Okay, last thing before we take off with our saws and snippers to do that trail clearing. A week or so ago, I checked into participating in Bird Studies Canada’s Project NestWatch. I guess you could say that Project NestWatch is an online extension of the Ontario Nest Records Scheme which has existed for many years. In the past, observers filled out and submitted data cards on nests that they had seen at various locations. To keep step with the changing technology, the project has moved online, and data can now be submitted through the website.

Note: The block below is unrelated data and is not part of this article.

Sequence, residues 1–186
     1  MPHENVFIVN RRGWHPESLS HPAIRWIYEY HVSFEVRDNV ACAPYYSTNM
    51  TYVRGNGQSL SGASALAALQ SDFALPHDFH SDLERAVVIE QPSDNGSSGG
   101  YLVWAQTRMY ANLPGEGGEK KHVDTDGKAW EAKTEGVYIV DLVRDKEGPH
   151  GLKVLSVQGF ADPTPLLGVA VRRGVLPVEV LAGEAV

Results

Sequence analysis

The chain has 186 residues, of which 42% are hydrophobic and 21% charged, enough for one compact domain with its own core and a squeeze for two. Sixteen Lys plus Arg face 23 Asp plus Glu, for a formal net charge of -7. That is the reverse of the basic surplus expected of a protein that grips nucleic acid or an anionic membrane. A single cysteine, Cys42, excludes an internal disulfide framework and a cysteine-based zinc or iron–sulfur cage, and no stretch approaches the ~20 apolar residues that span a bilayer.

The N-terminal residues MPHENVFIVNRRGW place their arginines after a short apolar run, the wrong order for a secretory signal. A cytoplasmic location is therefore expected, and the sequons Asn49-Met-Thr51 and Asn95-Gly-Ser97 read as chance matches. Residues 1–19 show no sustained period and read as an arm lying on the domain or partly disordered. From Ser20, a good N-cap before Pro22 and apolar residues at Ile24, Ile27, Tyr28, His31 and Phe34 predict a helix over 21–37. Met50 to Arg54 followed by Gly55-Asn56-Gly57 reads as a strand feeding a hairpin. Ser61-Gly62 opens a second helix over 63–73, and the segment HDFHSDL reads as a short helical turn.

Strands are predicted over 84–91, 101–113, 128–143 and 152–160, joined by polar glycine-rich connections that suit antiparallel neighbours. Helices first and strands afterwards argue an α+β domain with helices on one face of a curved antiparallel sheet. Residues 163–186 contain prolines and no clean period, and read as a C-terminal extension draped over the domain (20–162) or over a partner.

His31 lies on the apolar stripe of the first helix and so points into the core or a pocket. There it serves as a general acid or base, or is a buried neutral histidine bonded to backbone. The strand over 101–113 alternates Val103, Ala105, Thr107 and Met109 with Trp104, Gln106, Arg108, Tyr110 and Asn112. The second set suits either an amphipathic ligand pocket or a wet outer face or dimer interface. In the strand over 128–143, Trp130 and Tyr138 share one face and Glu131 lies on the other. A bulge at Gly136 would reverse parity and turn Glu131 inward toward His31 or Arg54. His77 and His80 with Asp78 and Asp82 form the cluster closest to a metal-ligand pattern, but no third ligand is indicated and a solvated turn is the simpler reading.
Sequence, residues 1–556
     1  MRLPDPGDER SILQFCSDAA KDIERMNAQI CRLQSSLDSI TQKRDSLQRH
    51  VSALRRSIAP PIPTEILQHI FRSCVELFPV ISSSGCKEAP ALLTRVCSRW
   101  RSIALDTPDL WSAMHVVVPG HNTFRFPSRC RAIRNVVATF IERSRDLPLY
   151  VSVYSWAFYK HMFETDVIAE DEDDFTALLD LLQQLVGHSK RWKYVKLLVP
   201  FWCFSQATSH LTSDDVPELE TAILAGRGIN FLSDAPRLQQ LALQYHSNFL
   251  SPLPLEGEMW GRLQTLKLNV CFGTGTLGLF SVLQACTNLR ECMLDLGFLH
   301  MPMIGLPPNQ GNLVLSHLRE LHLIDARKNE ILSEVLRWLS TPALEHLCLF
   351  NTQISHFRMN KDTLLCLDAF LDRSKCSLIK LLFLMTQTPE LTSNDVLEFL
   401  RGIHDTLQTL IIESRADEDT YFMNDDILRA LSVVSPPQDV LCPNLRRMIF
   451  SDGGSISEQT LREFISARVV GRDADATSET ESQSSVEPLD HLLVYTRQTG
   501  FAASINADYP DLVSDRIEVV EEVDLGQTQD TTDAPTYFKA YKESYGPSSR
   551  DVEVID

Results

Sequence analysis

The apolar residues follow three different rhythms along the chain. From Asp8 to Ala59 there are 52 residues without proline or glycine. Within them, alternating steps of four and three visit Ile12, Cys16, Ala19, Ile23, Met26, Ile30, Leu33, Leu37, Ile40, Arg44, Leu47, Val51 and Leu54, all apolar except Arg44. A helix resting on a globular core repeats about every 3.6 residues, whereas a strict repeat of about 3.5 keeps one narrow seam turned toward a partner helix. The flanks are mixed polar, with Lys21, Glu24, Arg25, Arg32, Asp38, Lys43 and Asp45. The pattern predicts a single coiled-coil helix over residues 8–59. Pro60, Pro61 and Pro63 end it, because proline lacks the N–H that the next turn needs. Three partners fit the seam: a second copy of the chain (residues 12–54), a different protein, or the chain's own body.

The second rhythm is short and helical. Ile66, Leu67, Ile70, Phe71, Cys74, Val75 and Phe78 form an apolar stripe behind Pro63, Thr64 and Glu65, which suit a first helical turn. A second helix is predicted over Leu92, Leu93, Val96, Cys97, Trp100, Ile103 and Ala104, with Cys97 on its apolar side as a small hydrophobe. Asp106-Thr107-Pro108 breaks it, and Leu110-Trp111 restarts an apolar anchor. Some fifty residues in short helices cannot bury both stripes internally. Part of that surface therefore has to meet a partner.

I decided to participate this year as we see many nests around our farm, so it’s easy enough to observe what’s going on and just fill in the online data sheets as necessary. The first couple of nest records will be for the above Mourning Dove that has been sitting on this nest since April 25th (see above photo). I’m not so sure it’s a great spot — it’s right next to our main hiking trail, so she sees us going by each day. However, she doesn’t seem to be too worried about our presence. Perhaps the scent of our tracks (Sabrina and I) passing by along the trail a few times a day, will confuse any fox or raccoons that happen to be passing by. The second record will be for the American Robin nest (seen below), that happens to be in a pine tree about 15 feet away from the Mourning Dove. The Robin also seems to be taking our presence in stride. Sometimes, she flies up into a nearby birch tree and scolds us as we pass through, but then soon returns to her nest. For a couple of years, we’ve had a Robin that builds her nest in an arbor practically right outside our back door. She flies out to shriek at me from a low branch of one of the trees while I’m weeding the vegetable garden, or dive bombs Sabrina when she’s walking nearby. If anything, she’s more intimidating than intimidated.